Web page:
|Intro||Mining geologist and technical mine consultant|
|Birth||15 November 1911, San Francisco, USA|
|Death||1 January 1997 (aged 85 years)|
Franc Renault Joubin,(November 15, 1911 – January 1, 1997) was a prospector and geologist best known for a huge uranium discovery in northeastern Ontario, Canada in 1953.
Born in San Francisco, California to parents of French descent, his family emigrated to Canada when he was three years old.
A graduate of the University of British Columbia, (Masters, Geology (1942)), Joubin worked independently as a consultant and prospector/geologist for various mining promoters and exploration companies.
In 1953, as an employee and eventual partner of promoter Joseph Hirshhorn, he persuaded his partner to finance diamond drilling of a previously dismissed area of surface radioactivity near Blind River, Ontario. Joubin's insight, with help from Dr. Charles Davidson, a leading British geologist, was that the presence of iron sulphide had leached the uranium mineral to a location deeper in the ground. Drilling results confirmed this and implied uranium deposits along a huge ninety mile Z-shaped geological formation extending north of the area. Known as the "Big Z" deposit, it became the hub of a frenzy of uranium exploration and mining activity. The town of Elliot Lake, (incorporated 1955) was built from scratch to house employees of the various mines that sprung up in the area. By 1955, Joubin and Hirshhorn sold their interests to Rio Tinto of Great Britain and divided paper profits of $35 million. By the 1980s it was estimated Joubin's discovery and the subsequent mineral production had added up to $30 billion to the Canadian economy.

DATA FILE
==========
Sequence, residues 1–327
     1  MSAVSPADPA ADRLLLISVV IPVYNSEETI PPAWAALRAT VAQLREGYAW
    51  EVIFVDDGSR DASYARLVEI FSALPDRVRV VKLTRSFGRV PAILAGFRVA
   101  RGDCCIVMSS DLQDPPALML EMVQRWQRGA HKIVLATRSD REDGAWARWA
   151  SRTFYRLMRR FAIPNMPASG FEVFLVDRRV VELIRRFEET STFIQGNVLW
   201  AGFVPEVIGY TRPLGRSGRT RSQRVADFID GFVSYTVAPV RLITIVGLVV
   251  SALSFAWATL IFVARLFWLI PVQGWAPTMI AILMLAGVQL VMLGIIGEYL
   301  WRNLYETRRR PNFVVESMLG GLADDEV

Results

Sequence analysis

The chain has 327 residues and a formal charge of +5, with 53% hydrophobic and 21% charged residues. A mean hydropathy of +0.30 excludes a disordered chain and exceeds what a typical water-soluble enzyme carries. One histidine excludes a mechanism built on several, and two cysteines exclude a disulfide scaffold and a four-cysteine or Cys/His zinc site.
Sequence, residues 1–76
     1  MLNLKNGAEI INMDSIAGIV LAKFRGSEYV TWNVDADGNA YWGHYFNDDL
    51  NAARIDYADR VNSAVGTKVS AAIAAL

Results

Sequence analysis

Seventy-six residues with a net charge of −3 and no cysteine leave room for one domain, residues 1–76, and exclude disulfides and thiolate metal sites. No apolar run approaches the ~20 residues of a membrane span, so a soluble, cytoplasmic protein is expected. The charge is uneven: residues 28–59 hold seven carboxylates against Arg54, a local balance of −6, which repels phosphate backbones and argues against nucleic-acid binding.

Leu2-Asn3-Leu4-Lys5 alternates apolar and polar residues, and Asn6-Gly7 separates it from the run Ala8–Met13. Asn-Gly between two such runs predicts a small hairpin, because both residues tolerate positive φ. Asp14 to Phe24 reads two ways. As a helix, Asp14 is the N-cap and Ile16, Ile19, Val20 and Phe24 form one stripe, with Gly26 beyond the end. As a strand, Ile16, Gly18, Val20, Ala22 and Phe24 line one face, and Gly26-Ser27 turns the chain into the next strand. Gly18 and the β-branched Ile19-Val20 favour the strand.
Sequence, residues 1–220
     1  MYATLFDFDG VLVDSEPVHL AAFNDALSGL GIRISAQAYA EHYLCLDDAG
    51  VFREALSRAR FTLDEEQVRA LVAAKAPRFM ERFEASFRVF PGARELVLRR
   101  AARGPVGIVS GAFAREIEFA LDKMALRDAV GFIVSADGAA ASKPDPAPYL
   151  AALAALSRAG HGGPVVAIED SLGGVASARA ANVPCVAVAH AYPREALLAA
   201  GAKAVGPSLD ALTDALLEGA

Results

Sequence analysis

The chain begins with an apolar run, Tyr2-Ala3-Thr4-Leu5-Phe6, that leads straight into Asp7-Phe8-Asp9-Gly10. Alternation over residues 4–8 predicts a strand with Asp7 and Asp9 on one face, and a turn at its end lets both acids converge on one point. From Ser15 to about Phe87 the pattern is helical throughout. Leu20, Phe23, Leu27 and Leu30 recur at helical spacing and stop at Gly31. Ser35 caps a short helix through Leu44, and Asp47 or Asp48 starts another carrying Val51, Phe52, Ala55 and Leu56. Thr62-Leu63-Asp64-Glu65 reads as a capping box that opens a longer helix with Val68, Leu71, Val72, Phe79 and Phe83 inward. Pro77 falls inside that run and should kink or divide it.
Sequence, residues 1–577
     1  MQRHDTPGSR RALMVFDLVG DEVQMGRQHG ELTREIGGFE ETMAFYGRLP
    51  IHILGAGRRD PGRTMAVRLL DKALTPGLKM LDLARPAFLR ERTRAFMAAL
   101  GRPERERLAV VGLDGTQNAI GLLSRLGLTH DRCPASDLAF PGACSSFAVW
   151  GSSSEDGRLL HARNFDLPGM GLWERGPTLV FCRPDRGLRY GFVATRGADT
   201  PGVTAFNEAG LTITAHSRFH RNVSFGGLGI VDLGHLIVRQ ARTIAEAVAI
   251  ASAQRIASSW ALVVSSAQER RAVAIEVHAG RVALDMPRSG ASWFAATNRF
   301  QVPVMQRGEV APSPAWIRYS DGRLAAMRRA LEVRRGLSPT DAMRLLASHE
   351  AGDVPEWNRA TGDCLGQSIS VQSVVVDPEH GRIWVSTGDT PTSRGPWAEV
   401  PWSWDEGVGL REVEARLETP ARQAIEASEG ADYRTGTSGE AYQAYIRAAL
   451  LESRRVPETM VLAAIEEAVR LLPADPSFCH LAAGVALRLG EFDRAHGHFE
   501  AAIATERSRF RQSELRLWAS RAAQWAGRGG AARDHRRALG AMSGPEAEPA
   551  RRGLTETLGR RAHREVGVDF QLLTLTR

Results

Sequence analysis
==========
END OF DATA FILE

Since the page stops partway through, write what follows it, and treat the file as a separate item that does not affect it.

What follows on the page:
Joubin resumed his career as a consulting geologist. He travelled much of the world for Rio Tinto, other companies, and eventually the United Nations.
He was made a member of the Order of Canada in 1983.